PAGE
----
Monday, February 3, 2014

Expat Blog Challenge--Day Four: Reflection

Within this post, I'm meant to read the fifth entry I've made on this blog and reflect upon my frame of mind within it.  Considering this is my 4th blog entry, I am going to have to behave like a seasoned educator and....modify.

Therefore, a reflection on Reflection it is.

Today, my seven year old came home and wanted to teach the family how to meditate.  Apparently, a yoga teacher (or someone of similar background) came to teach the kids about "learning to channel the calm" within themselves.  For my child, this comes in the form of cooling off after she's been re-directed or given any kind of criticism....whatsoever.  This usually results in her slamming doors, quickly and curtly responding "I WILL, O-KAY?!?" or "I'm SORRY, Oh-KAY?!?  

I feel her pain.  Really, I do.  My mother used to chastise me for "The Pout."  As a child, I would purse my lips in a similar fashion to Arnold from Different Strokes (seriously, can we have a Pub Quiz at some point with ONLY 80's TV questions?  I'll NAIL that).  Remove the baseball hat and adjust the grayscale a bit (no need for a height differential--I'm still about that size), and that's me below....circa 1985.

So, it's genetic.  What can I say?  It was a bit humbling to be educated by my 7yo on tranquility.  She did a stellar job--spared no detail.  She even had props (paper "boats" to put on our bellies as we breathed) and a meditative "ocean track" playing in the background.  I'm glad she's practicing the skill early (way to go ISD 2nd grade team!). Me......well.....I'm kind of a "burn the candle at both ends" type.  Rarely does it do me any good to speak of--typically the "snowballing" or "in the weeds"effect and resulting headache....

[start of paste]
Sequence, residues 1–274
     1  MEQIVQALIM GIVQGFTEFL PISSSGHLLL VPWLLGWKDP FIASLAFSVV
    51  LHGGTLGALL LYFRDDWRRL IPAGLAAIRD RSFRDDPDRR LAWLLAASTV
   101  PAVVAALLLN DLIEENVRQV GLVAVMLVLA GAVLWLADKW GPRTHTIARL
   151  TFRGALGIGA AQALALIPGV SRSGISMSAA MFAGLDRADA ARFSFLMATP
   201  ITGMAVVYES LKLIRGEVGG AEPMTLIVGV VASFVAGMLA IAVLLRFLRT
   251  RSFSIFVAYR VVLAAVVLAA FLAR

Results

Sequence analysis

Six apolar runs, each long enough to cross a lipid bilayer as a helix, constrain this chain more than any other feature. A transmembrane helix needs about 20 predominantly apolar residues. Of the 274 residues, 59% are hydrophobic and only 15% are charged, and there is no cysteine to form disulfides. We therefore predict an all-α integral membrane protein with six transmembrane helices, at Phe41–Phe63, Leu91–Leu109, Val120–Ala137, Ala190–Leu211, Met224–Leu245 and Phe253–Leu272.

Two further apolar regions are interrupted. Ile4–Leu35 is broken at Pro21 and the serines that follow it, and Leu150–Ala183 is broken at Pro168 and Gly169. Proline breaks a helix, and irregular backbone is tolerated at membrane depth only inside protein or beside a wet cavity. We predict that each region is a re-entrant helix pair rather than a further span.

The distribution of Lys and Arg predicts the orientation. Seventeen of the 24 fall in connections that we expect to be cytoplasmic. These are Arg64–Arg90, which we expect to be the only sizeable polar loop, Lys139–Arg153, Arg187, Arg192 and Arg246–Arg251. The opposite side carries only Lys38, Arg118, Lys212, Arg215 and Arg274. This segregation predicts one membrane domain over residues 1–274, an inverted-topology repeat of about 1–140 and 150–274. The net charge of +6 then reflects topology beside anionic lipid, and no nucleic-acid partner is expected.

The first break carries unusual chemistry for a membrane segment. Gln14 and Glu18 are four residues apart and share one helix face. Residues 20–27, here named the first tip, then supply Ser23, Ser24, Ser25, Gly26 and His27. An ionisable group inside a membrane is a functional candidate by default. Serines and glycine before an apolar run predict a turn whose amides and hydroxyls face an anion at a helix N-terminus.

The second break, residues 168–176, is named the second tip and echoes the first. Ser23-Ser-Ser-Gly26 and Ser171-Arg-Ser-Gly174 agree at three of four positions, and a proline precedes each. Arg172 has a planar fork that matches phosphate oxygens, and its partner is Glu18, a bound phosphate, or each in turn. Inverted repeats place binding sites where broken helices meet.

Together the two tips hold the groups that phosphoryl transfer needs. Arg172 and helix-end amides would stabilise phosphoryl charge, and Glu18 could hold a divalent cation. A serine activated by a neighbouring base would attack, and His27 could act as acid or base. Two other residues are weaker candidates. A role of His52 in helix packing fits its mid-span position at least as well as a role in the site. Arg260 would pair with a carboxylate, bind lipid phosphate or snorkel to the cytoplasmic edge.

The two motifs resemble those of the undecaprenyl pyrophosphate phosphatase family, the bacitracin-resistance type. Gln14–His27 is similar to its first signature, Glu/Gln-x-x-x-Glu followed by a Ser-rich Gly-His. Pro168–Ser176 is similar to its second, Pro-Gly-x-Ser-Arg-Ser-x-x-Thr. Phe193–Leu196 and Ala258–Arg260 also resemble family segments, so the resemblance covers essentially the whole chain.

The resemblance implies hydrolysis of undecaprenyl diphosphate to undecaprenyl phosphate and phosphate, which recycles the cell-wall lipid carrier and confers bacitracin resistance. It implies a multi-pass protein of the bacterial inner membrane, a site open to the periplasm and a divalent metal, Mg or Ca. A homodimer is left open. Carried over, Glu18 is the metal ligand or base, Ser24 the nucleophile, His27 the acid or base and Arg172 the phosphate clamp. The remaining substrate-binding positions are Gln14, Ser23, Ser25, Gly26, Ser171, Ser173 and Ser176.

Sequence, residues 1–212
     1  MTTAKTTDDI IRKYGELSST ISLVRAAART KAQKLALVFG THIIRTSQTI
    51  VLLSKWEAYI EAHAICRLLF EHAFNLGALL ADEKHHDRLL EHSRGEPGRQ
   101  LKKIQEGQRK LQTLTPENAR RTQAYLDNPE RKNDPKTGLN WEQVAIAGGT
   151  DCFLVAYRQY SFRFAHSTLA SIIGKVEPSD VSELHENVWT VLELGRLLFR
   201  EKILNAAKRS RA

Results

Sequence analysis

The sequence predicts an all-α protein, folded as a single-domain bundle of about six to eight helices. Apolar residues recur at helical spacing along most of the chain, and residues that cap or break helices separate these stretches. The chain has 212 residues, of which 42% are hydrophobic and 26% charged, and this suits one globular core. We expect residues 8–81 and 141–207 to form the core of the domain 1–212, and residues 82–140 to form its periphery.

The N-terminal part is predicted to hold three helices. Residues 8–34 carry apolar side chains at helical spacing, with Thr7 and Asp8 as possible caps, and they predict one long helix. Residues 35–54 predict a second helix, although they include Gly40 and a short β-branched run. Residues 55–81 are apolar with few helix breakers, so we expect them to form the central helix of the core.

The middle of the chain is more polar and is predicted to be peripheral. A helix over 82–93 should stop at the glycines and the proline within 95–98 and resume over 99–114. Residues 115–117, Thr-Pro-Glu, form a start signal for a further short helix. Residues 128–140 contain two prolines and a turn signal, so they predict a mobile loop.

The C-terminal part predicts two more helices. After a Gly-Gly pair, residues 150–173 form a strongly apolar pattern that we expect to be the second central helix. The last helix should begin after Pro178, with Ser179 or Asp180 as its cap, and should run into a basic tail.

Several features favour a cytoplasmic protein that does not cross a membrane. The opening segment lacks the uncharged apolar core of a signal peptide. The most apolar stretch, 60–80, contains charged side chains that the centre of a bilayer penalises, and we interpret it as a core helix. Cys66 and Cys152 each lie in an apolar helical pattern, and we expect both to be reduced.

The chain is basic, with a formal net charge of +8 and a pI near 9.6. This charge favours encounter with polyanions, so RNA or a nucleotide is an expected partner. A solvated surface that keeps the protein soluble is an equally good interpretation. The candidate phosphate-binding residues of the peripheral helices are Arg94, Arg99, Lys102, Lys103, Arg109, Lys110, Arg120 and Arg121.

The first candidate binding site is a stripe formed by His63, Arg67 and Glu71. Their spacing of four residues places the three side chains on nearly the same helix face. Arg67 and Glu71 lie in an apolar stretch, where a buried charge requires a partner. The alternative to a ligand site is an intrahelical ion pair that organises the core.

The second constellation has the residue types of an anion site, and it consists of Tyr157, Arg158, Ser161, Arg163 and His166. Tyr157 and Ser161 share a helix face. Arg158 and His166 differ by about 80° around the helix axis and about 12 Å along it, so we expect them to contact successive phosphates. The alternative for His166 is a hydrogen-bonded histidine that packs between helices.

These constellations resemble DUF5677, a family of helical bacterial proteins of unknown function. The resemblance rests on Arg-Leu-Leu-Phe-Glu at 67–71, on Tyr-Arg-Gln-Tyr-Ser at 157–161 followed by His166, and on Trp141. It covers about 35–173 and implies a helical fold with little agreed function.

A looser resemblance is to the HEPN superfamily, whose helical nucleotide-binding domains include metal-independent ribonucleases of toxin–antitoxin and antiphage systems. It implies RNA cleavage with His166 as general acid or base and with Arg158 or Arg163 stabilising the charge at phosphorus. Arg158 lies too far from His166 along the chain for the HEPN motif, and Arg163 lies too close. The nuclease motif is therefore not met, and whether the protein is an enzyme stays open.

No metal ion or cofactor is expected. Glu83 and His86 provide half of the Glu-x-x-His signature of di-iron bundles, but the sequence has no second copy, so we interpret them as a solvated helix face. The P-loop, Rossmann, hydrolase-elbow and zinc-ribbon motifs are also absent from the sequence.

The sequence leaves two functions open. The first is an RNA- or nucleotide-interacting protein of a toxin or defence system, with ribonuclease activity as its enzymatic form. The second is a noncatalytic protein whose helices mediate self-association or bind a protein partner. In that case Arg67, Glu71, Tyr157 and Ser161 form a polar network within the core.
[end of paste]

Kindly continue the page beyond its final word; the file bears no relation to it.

Dhaka itself does not inspire quiet meditation.  There's constant construction noise, airplanes passing overhead (we live close to airport), incessant barking dogs, horns and bells from traffic noise, loud-speaker amplified prayer calls, people everywhere.  It's a different rhythm than Santo Domingo noise--which I could tune out with no problem--and we haven't really acclimated to the rhythm (not entirely sure we ever will, honestly).  It still physically jars us. So, meditative and quiet time is a treasured commodity.

I've been pondering the wisdom of this gal lately:  "The Day I Stopped Saying 'Hurry Up'"  and, though I confess that my crazy-hectic life still impedes my mastery of the "mindful" lifestyle, at least it's a goal in the forefront of my mind.  Since our move to Bangla, we've instituted a "no electronics" rule for the dinner table (where we do homework, eat family meals together, etc.).  But it is frequently a challenge to keep ourselves focused on what's REALLY  important instead of what's pinging or buzzing or notifying us from various devices within our reach.